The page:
Friday, October 14, 2005

Ready, aim...

I came across this interesting looking leaf spot during a short walk recently.



Here is is again, on a different leaf from the same tree (a Chestnut Oak).



This is the kind of thing that we got calls for all the time at the Master Gardener Hotline, where I volunteered this past summer.

But without all the Cooperative Extension's plant books and other resources, I'm at a loss. (And this is one of those occasions where Google brings up too many choices to be useful.)

13 comments:

Jenn said...

Well, you got me curious. I think I've found it.

It's called Zonate Leaf Spot, and it seems to affect a large population of trees.

I didn't find a good specific info site to link - they are all general - but you can go puddling with the name and see what you find.

Rurality said...

Jenn I did see that one, but thought that might not be it due to the size of the spots. The leaves in this picture are very large... the little "targets" are several inches across, and there is just one per leaf. Every picture I saw of the zonate leaf spot shows smaller spots, and several per leaf.

I'd be curious to know what everyone else thinks... I'm certainly no botanist.

yllstonewolf said...

looks like an alien invasion to me...you better be careful...you might be next...yipes!

Jerry Halstead said...

Oh, I know what it is!

Attack of the Steve Wonder Album Cover art fungus.

Colleen said...

Wow, it's probably a bad thing (I'm going to google zonate leaf spot here in a minute)but it sure is pretty.

Watchmania said...

Is it caused by leafminers - the larvae of any of a number of insect species which munch their way around inside the layers of leaves? Some just tunnel and munch randomly but others make spirals.

Hick said...

I wouldn't have a clue what it is, but it sure is cool looking.

Floridacracker said...

Grows outward like a fungus. That wasn't really very helpful was it? I meant to say, that circle thing sure is purty.

Rurality said...

It does look sort of alien, doesn't it? Maybe they are really tiny and that's the scorch pattern their landing craft make.

Or else someone has been in the woods playing pop music to my trees...

Sara, not sure - will have to check that out. It looked more like fungus but I could be wrong.

I was kind of hoping Ron might come by and know for sure. :)

Ron said...

Hah. Here I am in response to being goosed, and I haven't a clue. I've never seen it out here, but that doesn't mean we don't have it... whatever it is.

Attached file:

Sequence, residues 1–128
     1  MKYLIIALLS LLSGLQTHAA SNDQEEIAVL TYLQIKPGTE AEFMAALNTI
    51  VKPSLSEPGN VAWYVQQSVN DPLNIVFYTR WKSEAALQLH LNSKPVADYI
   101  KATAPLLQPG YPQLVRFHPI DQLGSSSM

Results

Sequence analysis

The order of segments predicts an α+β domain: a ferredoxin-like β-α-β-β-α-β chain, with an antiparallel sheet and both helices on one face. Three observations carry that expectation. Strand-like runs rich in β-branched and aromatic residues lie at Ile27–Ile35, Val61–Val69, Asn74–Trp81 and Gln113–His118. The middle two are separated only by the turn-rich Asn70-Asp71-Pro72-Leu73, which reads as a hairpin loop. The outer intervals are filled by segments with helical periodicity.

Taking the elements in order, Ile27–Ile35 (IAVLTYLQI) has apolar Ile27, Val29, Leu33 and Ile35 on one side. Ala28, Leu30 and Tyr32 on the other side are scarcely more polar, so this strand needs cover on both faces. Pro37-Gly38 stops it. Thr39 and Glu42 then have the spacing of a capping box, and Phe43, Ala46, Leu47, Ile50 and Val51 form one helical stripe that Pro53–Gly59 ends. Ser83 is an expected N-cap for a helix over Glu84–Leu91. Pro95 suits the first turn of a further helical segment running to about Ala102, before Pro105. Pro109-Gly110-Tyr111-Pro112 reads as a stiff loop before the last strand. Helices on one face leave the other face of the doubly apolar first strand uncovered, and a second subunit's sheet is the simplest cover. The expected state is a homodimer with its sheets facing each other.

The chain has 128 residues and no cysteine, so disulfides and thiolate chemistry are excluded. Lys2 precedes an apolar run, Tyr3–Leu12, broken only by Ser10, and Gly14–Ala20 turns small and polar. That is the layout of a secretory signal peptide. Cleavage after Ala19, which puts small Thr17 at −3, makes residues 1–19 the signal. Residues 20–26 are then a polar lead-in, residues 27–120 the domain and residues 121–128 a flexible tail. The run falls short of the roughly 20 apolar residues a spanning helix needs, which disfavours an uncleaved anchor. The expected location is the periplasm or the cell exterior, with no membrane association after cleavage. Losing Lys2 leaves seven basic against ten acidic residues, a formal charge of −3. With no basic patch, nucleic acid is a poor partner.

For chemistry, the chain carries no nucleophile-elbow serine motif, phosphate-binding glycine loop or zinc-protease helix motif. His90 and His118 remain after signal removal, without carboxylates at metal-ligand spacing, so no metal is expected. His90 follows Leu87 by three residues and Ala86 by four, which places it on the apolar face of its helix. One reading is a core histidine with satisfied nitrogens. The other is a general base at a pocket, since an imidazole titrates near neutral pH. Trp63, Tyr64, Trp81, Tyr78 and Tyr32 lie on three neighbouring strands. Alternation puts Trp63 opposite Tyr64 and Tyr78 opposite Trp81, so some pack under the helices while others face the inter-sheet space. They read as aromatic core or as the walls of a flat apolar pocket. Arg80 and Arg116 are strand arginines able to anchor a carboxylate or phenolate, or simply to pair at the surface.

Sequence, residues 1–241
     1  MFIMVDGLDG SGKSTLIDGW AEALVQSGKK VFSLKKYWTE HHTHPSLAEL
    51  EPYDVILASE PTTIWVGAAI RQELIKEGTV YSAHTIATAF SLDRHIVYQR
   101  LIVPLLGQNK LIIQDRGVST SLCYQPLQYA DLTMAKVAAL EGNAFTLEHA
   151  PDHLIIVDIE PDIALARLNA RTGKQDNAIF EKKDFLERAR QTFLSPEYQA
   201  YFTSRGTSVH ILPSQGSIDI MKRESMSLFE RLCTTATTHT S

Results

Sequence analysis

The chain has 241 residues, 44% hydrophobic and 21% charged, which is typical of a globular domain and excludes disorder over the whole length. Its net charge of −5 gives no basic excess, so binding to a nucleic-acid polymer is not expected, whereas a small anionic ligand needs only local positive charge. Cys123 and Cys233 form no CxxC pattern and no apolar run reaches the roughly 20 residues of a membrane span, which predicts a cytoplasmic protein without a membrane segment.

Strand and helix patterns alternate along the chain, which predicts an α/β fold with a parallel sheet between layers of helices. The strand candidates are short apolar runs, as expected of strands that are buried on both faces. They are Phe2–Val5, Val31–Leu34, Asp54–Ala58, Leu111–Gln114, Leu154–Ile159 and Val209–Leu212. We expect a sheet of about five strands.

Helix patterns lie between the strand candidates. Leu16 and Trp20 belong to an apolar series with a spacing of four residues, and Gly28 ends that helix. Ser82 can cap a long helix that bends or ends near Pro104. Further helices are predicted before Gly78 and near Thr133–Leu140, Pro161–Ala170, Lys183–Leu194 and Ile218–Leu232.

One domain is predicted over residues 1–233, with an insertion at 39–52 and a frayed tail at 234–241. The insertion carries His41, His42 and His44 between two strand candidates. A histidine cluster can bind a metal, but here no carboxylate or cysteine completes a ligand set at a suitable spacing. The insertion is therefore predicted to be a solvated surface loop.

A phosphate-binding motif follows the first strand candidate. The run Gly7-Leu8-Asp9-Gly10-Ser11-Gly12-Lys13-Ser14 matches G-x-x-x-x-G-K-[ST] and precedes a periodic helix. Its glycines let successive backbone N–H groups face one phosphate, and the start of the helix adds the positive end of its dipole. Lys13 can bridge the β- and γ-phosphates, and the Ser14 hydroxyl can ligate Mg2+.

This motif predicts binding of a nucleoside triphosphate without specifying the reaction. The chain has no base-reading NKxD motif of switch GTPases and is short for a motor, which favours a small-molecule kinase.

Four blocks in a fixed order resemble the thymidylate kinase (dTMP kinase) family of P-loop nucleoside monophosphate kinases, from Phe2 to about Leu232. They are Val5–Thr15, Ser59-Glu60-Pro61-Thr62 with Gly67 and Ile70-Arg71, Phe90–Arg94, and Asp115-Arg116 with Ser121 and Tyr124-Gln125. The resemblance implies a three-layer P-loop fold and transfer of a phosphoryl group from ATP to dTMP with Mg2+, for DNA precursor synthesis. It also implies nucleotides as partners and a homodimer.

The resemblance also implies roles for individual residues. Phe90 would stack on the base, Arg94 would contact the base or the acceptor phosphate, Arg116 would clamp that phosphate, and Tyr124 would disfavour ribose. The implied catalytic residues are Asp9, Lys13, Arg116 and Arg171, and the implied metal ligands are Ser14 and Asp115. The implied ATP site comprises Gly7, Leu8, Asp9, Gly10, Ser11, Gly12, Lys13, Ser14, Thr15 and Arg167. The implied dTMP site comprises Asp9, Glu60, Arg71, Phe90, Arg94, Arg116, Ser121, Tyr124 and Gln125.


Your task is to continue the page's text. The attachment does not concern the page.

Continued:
I do know that Bob Raabe would call it "beautiful!" He's a plant pathologist prof emeritus at UC Berkeley, who runs a free clinic monthly. He actually cultivates some plants in his yard because they're prone to diseases he likes. He also taught (not at UC) the only course I've ever flunked in my life, but that's another story entirely.

I wish I had an e-mail address for him.

I'll agree it looks fungal -- now that you have the search image, are you seeing a lot of it? It might be hard to research because, from the look of it, it's not dangerous. It's on a deciduous leaf and it's late in the season. If that's typical, it's not something the ag-hort types would get excited about.

Handsome, tho'.

Wayne said...

Jenn's zonate leaf spot reference really pegs it well. Was it woody in any way, or does it just look that way?

I love galls and leaf spots - I wish I could find my pic of maple leaves with a brilliant red and yellow bullseye much like that.

Plants do have an immune system, of a sort, called the hypersensitive response. They have proteins that recognize invasion and self-destruct the affected plant cells so it doesn't go any further. That could be what this, or it could be more like an encystment.

Rurality said...

Ron, no, not seeing a lot of it... guess that's a good thing.

Wayne I don't think it's woody, but this was taken across a ditch with telephoto, and I didn't get close enough to touch it.

Yep it's purdy anyway, whatever it is!

Rurality said...

This is too bizarre... I was just now (Dec 7, 2006) watching a tv program of some master gardener classes from California. The man showed a pic of a leaf with a fungus that looked just like this, and called it Phyllosticta. Guess who the man was. Bob Raabe! (Who Ron mentioned above.) And he does call a lot of fungi "beautiful"!

Anyway apparently there's more than one phyllosticta, and not all of them look like that. But I wanted to come back to this post and stick that name on it, so I could always look it up again later.